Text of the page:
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Student Page 4.5.2 Transformation of Functions

In this activity, we examine the absolute value function family whose parent function is \(f(x) = |x|\) and the quadratic function family whose parent function is \(f(x) = x^2\text{.}\) To investigate these function families, we need three different parameters, \(a\text{,}\) \(h\text{,}\) and \(k\text{.}\) By changing each parameter, we will see how changes in \(a\text{,}\) \(h\text{,}\) and \(k\) affect the graphs of the parent functions.

To begin, we create a large coordinate plane on the floor with both \(x\)- and \(y\)-axes labeled from \(-10\) to 10. Volunteers use string to mark the \(x\)- and \(y\)-axes and sticky notes to label the axes. (Use 3 √ó 3 inch sticky notes or larger to label the axes). Make the grid large enough so that volunteers can stand next to each other on the \(x\)-axis. A tiled floor is very helpful!

We also need to prepare a set of hang tags that volunteers can wear. Tags can be made from light color cardstock. Punch a hole in the center of a short side, thread string, yarn, or ribbon through the hole so the tag can hang round a volunteer's neck. Label each tag with values of \(x\) between \(-10\) and 10. It is helpful if numbers are not all the same distance apart and if the positive numbers chosen are not all the same as the absolute value of the negative numbers chosen. A possible set of numbered tags might include: \(-10\text{,}\) \(-7\text{,}\) \(-4\text{,}\) \(-1\text{,}\) 0, 2, 5, 8, and 10.

Let's begin:

1.

Each of 9 volunteers wears a tag with a number on it. The number on the tag represents your assigned value of \(x\text{.}\)

2.

Stand on the \(x\)-axis at the point, \((x, 0)\text{,}\) where \(x\) is the number on your tag.

3.

Move to the ordered pair \((x, |x|)\text{.}\) Tape a colored cord to the floor to mark the graph you're standing on. You have just created the graph of \(y = |x|\text{.}\) Discuss the appearance of the graph.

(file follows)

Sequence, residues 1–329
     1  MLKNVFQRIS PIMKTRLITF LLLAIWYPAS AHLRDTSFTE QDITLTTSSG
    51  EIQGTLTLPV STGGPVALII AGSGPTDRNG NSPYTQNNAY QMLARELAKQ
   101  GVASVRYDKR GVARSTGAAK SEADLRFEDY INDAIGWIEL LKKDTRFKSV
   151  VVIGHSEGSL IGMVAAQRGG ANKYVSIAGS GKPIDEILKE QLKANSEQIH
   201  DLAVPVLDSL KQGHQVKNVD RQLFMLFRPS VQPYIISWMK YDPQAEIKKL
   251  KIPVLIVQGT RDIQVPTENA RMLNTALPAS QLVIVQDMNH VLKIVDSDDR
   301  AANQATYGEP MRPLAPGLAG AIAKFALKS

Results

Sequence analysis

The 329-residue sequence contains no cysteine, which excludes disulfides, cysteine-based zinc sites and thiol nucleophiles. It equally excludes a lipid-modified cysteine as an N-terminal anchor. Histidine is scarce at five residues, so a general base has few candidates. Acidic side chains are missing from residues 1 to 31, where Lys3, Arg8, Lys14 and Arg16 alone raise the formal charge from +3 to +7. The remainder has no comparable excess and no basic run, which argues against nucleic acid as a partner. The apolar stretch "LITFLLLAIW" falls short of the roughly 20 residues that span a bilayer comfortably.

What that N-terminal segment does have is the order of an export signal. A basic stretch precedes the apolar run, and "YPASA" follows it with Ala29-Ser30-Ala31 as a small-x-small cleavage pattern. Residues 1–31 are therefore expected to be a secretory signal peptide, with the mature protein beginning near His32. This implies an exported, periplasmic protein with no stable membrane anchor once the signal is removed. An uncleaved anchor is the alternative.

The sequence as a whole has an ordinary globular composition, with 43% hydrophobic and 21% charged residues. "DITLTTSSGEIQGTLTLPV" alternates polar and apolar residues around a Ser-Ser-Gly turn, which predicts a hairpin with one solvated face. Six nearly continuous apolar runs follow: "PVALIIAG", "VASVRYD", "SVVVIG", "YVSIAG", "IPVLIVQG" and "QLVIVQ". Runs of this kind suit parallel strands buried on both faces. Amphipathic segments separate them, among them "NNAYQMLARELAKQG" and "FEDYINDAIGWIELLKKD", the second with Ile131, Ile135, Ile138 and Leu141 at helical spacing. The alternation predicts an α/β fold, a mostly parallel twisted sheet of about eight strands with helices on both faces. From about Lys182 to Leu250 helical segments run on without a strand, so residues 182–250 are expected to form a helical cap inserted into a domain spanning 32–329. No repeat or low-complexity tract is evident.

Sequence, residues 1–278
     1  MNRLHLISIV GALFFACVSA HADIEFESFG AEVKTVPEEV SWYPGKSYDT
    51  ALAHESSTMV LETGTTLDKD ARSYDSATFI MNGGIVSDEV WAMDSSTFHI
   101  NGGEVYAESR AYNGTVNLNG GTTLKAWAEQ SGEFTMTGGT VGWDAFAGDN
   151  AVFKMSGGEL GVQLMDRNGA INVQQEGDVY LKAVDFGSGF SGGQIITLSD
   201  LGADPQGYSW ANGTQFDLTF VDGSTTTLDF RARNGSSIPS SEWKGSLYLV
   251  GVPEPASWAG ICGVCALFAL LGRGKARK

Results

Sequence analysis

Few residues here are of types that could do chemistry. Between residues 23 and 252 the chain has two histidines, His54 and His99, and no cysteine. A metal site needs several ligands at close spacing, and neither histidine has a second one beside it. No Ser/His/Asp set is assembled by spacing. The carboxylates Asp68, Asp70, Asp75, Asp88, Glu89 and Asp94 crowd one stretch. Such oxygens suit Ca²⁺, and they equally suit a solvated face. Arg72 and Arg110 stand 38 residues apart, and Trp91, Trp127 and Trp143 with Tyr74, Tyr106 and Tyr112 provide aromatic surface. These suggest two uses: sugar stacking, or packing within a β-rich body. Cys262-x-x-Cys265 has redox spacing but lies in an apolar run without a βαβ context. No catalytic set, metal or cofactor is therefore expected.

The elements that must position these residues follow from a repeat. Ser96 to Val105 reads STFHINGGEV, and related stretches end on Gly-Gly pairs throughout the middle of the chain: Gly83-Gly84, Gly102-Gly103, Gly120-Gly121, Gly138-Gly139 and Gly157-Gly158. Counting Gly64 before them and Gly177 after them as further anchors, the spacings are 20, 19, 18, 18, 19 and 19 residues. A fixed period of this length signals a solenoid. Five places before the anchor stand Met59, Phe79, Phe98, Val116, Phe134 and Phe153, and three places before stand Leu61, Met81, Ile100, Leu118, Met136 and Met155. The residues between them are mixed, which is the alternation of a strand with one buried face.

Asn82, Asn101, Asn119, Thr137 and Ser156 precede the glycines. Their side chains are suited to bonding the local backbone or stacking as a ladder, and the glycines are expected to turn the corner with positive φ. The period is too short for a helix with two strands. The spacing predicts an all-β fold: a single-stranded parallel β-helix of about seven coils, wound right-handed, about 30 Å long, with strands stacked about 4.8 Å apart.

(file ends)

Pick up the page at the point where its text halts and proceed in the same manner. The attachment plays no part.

4.

At your teacher's request, transform \(y = |x|\) in various ways. Consider the equation,

\begin{equation*} y = a \cdot | x - h | + k \end{equation*}
(b)

What are the values of \(a\text{,}\) \(h\text{,}\) and \(k\) for each graph? Write them in Table 4.5.2.1.

Table 4.5.2.1.
Move to: \(a\) \(h\) \(k\) Equation
\((x, |x|)\)        
\((x, |x| + 1)\)        
\((x, |x| - 2)\)        
\((x, -|x|)\)        
\((x, 0.5 \cdot |x|)\)        
\((x, |x - 2|)\)        
\((x, |x + 1|)\)        
\((x, 0.5 \cdot |x - 2|)\)        
\((x, 0.5 \cdot |x| - 2)\)        
(c)

Explain why the new graph is located where it is. Use the equation and the graph in your explanation. Compare each new graph to \(y = |x|\) and other related graphs.

(d)

In the final column, write the equation of the function defined by each ordered pair.

Return the room to its original condition. Use Desmos to explore transformations of the parent quadratic function, \(y = x^2\text{.}\)

5.

Continue the investigation using Desmos.

(a)

Enter \(y = a(x - h)2 + k\) into the entry line of Desmos. This is another important form of a quadratic function.

(b)

Set up sliders for \(a\text{,}\) \(h\text{,}\) and \(k\text{.}\)

(c)

Play with \(k\) first. What does \(k\) do? Why does the graph change as it does? Explain from the equation.

(d)

Play with \(a\) next. What does \(a\) do? Why does the graph change as it does? Explain from the equation.

(e)

Play with \(h\text{.}\) What does \(h\) do? Why does the graph change as it does? Explain from the equation.

6.

(a)

What is significant about \(h\) and \(k\text{?}\) What is significant about \(a\text{?}\)

(b)

This form of the quadratic equation, \(y = a(x - h)^2 + k\text{,}\) is called the Vertex Form. Why do you think that is?

7.

Your teacher will provide you a Class Code to complete the Desmos activity, Card Sort: Parabolas in the Teacher Desmos Quadratic Bundle. Complete the activity. The fourth slide is challenging because it does not include scales for any of the graphs. Describe how you knew how to sort each of the equations to fit the graphs provided. Provide illustrations in your description.

8.

Quadratic functions can be written in the following forms*:

Standard Form

\(\displaystyle y=ax^2 +bx+c\)

Vertex Form

\(\displaystyle y=a(x-h)^2 +k\)

Factored Form

\(y = a(x - p)(x - q)\) (*Some quadratic functions cannot be written in this form. Do you know why?)

(a)

What information about a quadratic function is most evident when it is given in:

(i)

Standard Form?

(ii)

Vertex Form?

(iii)

Factored Form?

(b)

What information about a quadratic function is the same for each form of the equation?